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Double Cluster NGC869 & NGC884

Optics TeleVue NP101is f5.4
Camera STL11000M
Filters Baader HALRGB
Date October 2011
Location Antares Observatory
Sky Conditions mag 5 sky
Exposure LRGB = 22,1.15,1,1,1.15h
total: 26.3h
Programs used CCD Stack, Registar, PixInsight, Photoshop CS4

These two star clusters are very famous objects among visual astronomers and astrphotographers. Even under moderately dark skies, the double cluster in the constellation of Perseus is easily seen with the naked eye. Astronomers number its age to a few million years, i.e. a relatively young cluster. The absolute separation between NGC869 and NGC884 is only a few 100 lightyears while their light travels for about 7600 years until it reaches the Earth.

About 4 degrees further North, you will find the area of the Heart and Soul Nebula (IC1805/IC1848), an extended region of strong Ha emission and also a popular target for astrophotographers. Due to the small angluar distance between those nebulas and the double cluster, I was wondering if there is any faint Ha emission in the background of NGC869 and NGC884, or at least in the close neighborhood. A single 20min exposure through a 7nm Halpha filter was not very promising. However, after integrating and heavily stretching about 3 hours of Halpha data, some parts of the nebula started to get visible. The resulting image using 22 hours of Halpha data is shown if you click on the thumbnail just to the right.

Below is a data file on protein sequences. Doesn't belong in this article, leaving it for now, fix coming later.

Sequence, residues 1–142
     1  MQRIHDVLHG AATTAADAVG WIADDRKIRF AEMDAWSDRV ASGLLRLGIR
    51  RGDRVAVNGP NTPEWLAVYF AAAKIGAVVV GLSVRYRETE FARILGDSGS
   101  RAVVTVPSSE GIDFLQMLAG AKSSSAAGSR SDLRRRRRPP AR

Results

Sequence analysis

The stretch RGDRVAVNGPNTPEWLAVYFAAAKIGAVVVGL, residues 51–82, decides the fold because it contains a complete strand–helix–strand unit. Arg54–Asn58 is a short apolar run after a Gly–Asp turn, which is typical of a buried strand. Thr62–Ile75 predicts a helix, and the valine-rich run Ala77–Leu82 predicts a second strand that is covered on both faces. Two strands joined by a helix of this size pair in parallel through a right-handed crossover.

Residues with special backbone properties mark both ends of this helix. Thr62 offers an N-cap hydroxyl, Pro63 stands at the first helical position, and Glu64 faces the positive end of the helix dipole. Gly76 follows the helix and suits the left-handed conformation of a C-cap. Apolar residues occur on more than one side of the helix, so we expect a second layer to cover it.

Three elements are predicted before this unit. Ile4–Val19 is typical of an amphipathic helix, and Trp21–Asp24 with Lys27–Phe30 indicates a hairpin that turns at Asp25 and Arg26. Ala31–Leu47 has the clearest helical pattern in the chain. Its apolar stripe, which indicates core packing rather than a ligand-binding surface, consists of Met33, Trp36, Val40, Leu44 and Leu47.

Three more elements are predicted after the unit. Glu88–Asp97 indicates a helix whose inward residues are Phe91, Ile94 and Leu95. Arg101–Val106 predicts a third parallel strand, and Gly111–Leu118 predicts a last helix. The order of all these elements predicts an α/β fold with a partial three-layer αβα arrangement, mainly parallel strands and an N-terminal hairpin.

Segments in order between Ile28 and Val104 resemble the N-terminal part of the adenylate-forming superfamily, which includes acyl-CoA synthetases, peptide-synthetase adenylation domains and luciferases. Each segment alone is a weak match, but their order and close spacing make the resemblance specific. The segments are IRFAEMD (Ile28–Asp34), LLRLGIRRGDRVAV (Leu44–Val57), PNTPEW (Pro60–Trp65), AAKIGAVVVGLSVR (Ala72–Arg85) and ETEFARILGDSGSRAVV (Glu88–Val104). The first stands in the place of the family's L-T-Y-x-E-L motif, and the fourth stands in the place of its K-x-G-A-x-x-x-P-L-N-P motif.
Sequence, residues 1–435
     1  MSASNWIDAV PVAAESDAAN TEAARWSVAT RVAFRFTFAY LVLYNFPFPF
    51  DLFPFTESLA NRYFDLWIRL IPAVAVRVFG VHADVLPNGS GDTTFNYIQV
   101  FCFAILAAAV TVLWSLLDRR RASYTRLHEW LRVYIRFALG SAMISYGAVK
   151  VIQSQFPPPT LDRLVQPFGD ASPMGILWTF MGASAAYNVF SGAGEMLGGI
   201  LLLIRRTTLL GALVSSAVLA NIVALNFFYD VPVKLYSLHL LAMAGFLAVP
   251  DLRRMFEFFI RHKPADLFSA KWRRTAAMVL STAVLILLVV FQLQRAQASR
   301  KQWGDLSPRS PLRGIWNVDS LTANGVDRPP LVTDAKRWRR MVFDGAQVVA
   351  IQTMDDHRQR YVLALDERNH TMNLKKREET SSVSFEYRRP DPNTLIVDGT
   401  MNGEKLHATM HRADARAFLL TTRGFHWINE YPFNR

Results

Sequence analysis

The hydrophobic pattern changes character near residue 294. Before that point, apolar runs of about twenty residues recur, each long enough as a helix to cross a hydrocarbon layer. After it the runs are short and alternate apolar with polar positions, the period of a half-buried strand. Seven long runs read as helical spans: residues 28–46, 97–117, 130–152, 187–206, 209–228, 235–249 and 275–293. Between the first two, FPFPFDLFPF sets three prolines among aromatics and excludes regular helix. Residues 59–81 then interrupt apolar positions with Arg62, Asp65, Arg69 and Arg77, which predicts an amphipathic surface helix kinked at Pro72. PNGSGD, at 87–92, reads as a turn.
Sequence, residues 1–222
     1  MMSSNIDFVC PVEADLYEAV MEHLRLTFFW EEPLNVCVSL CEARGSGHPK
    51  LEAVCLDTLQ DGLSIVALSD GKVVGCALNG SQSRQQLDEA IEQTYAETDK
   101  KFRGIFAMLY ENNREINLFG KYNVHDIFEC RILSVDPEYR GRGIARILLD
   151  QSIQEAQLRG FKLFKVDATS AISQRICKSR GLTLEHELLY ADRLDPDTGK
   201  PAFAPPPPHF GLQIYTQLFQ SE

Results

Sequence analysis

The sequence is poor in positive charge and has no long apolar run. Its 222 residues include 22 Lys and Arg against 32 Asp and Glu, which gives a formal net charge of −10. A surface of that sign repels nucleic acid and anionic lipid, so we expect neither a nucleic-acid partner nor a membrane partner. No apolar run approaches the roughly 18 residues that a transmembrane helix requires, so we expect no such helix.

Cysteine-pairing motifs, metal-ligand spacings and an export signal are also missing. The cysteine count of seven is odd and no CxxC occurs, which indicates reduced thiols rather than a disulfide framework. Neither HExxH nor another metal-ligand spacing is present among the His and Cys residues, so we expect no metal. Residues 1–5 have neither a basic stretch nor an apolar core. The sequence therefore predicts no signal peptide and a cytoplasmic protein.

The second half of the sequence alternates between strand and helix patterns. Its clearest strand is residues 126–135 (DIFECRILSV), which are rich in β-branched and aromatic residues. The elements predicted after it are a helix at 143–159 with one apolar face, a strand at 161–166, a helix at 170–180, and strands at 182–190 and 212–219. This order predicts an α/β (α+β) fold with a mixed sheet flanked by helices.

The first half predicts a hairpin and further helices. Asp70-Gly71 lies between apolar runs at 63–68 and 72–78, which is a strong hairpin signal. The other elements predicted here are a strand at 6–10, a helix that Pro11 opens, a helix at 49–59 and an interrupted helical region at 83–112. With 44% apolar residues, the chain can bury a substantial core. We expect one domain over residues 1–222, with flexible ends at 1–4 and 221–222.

Additional Luminance and RGB images (4.3 hours in total) were taken for a color image of this rich star field (image on the far right). The image on the top then shows the result of combining the narrowband and the LRGB color image. The Halpha line was integrated so that the luminance and the red channel were enhanced.

NGC869 and NGC884

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